Amicus Brief Urges Seventh Circuit to Reverse Lower Court’s Dismissal of Pro Se Litigant’s Case
Jenner & Block is proud of its 2019 pro bono results:
In Cordell Sanders v. Michael Melvin, et al., the district court dismissed a plaintiff’s entire case as a sanction based on imprecise allegations the plaintiff — who is mentally ill and had been housed in solitary confinement for years—had included in their years-old, pro se complaint, and did so despite that a pending summary judgment motion showed a factual dispute regarding those allegations. This dismissal is now on appeal.
Led by Dean Erwin Chemerinsky, amici are five legal professors who are experts on civil rights litigation, civil procedure, federal procedure, and the application of pleading standards to pro se litigants. They urge the Seventh Circuit to reverse the lower court’s decision and remand for further proceedings. They argue that affirming such a dismissal would be contrary to the established principles of leniency afforded pro se and inmate litigants, would violate the well-known rule that sanctions be narrowly-tailored to misconduct, and would contravene the policy favoring resolving cases on their merits, among other things. The legal system, they note, is complex and challenging – “especially for those without legal training.” They argue that the Seventh Circuit has held “that courts have an affirmative obligation to ensure that a pro se litigant’s claims are not dismissed as a result of procedural unfairness.” In this case, they argue, the district court was “particularly harsh and unnecessarily punitive.” Regarding sanctions against the litigant, the brief notes that “less draconian” alternatives are available. And dismissal with prejudice, according to the brief, is the “most severe” sanction that should be meted out “only with extreme caution.” “Sanctions should be used as a scalpel to surgically address issues where appropriate, not as a sledgehammer to squash an entire case,” the brief reads.
The team writing the brief pro bono includes Partner Gabriel K. Gillett and Associates Grace C. Signorelli-Cassady, Jeremy M. Sawyer, and Elena M. Olivieri, with valuable assistance from Paralegal Mary Frances Patston.
Pro Bono Client Patrick Pursley Receives Certificate of Innocence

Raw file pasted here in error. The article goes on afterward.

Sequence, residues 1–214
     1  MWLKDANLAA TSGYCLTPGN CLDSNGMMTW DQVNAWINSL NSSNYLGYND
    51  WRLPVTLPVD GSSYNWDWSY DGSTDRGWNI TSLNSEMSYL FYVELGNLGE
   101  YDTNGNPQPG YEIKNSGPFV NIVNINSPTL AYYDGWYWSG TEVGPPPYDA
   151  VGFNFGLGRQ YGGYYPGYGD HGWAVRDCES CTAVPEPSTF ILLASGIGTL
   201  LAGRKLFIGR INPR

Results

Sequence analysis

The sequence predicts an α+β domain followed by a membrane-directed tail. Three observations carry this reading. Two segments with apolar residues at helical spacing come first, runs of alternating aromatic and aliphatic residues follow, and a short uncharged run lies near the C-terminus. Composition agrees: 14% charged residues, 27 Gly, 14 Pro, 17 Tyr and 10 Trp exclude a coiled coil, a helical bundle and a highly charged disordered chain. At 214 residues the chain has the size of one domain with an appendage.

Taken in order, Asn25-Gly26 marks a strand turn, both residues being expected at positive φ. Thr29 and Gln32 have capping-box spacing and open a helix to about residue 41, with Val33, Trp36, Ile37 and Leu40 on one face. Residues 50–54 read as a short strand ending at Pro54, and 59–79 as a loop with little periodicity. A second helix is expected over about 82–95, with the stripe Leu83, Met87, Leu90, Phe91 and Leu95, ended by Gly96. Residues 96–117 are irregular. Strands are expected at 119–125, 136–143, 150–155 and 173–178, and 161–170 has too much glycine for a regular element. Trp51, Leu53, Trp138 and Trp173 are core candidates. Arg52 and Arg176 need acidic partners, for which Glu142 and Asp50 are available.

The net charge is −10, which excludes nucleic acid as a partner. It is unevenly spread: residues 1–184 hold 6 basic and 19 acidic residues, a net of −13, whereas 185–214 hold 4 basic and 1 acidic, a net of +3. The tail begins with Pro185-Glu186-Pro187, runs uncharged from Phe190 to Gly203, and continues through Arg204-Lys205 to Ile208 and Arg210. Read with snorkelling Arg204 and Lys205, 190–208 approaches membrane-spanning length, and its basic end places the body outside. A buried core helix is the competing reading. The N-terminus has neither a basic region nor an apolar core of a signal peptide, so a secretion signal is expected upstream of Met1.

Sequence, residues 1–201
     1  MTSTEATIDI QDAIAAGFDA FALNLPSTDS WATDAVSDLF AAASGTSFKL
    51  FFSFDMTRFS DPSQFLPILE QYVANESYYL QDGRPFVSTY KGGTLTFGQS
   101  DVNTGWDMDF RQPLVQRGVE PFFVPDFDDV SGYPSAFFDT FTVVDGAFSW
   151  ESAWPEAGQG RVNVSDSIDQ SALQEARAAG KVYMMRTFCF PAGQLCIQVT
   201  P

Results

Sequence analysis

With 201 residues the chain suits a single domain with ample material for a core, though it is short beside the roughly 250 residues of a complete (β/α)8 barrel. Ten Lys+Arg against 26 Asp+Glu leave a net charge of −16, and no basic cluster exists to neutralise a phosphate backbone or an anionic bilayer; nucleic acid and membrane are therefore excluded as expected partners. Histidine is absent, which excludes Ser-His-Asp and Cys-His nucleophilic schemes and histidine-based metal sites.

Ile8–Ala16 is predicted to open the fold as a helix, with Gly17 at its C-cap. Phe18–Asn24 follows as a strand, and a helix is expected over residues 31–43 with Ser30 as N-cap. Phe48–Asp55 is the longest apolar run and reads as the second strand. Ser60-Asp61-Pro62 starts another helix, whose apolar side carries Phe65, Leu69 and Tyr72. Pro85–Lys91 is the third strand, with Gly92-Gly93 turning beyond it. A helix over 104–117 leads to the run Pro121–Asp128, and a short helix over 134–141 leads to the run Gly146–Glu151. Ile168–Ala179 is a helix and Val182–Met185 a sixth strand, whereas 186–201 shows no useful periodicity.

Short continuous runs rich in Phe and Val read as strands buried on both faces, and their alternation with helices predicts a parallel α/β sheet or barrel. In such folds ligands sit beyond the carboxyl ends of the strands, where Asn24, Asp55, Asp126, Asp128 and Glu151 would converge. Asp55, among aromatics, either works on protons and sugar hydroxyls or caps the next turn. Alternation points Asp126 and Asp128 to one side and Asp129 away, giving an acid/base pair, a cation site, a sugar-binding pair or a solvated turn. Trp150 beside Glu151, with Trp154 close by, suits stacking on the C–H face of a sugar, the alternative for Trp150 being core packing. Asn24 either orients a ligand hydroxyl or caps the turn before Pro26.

Longtime client Patrick Pursley received a certificate of innocence on February 26, 27 years after he was convicted of murder in a Winnebago County jury trial. The state had relied heavily on the testimony of a state ballistics examiner that a firearm attributed to Mr. Pursley fired the bullets and cartridge cases found at the crime scene. New evidence, however, showed conclusively that this firearm was not the one used in the crime. For over a decade, a firm team worked on behalf of Mr. Pursley to win a new trial. In January 2019, at the end of that new trial, Judge Joseph G. McGraw acquitted Mr. Pursley.
Watch Mr. Pursley discuss the impact of the certificate.
Learn more about his case in The Heart of the Matter.
Over the years, the team helping Mr. Pursley included Partners Robert R. Stauffer and Andrew W. Vail, Associates Kevin J. Murphy and Monika N. Kothari, and former associate Kyle Palazzolo.
Partner David Robbins Helps Pro Bono Client Avoid Risk of Debarment
The US Navy proposed that client Nathan McNutt be debarred after his prior employer submitted a mandatory disclosure alleging time mischarging with bare minimum supporting information. The risks of debarment are tremendous, including an inability to work in the government contracts community at all. This can shut even the most well-trained and effective software engineers/tech developers, etc., out of their chosen career and deprive the US Government of their ability to innovate.